For light binos, a simple strap with a wide padded strap will suffice. A bigger, more powerful pair might require a harness that distributes the weight and prevents them from bouncing around on your chest.
Scopes and binoculars let you see into places that your eye can’t. They let you pick apart a bush, dissecting the pieces of the puzzle until antler or ear become clear. Both enable you to accurately place shots, making one-shot kills more probable. They’re one of the only advantages we feeble hunters have over the game we seek. Choose them wisely and always take them with you.
It makes no sense to spend lots of money on optics, then abuse them. Proper care in the field and at home will keep them performing at their best. Read and follow the care and maintenance recommendations in the owner’s manual and carry lens-cleaning tools into the field with you. They’re light and take up almost zero room in your pack.
Dust is a common problem, according to Nikon’s Paul Leal. “Keep the covers in place when not using your scope,” he said. “This will prevent dirt and dust from building up on the lenses. If you notice dirt or dust on the lenses, try blowing it off with a len’s pen brush designed for the purpose. If you must touch the lenses, do so only with a lens pen, lens wipe, or other cleaning products designed for lenses, once the dust or debris are brushed off.”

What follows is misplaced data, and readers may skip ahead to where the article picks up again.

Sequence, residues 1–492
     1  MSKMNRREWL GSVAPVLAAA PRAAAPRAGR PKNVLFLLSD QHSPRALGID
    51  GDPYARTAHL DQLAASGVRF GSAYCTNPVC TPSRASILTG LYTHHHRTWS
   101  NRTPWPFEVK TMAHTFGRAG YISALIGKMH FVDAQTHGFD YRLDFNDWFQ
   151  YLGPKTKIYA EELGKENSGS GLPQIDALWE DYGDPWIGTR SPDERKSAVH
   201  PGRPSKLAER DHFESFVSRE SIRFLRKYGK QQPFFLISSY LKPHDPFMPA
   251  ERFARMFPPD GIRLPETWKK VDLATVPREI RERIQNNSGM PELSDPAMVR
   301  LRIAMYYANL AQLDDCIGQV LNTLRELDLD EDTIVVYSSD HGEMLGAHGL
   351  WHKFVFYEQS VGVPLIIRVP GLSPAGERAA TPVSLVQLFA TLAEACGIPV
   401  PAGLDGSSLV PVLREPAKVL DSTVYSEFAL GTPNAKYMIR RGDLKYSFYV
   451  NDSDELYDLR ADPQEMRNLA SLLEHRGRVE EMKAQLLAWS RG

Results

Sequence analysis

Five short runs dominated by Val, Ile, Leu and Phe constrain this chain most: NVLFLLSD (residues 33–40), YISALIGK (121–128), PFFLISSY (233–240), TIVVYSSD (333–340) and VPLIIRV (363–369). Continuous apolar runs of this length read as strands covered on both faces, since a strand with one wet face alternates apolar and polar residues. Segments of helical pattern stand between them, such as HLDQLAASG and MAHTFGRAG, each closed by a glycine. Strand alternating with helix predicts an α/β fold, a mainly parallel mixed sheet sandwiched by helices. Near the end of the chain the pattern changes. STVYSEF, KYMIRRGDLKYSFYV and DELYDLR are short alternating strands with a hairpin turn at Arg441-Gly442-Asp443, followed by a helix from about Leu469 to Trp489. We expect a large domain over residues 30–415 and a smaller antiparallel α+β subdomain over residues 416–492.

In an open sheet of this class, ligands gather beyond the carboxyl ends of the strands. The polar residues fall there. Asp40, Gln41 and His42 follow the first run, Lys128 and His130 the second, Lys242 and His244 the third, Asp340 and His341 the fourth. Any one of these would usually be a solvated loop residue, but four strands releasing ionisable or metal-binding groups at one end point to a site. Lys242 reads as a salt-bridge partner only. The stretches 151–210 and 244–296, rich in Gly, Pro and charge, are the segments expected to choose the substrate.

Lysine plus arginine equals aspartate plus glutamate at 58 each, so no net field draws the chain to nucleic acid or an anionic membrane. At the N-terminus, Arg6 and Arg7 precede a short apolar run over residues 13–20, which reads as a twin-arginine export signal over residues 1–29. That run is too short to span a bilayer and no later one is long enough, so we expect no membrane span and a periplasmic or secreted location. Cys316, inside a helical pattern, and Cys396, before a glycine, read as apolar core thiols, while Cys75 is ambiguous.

Brian Bell from Leica offers careful cleaning measures to keep optics working properly. “Never clean even fully waterproof optics under running water,” he advised. “Truly waterproof objects should be submerged in standing water to clean them. Never clean a lens while it faces the sky, only while it faces the ground. Otherwise, all you’re doing is moving dirt from one side of the lens to the other.”
Chad Fisher from Bushnell suggests hunters store their optics in the house and away from dust in the off-season. “Proper storage is key to having a long-lasting and reliable scope. Dust build-up on the lenses can lead to scratches. Purchasing a lens-cleaning kit is always a good idea. And, always store optics dry at room temperature.”
For the most part, storing them in the house when not in use, keeping lenses clean, and giving them an occasional wipe with a damp cloth will keep your optics working great for decades.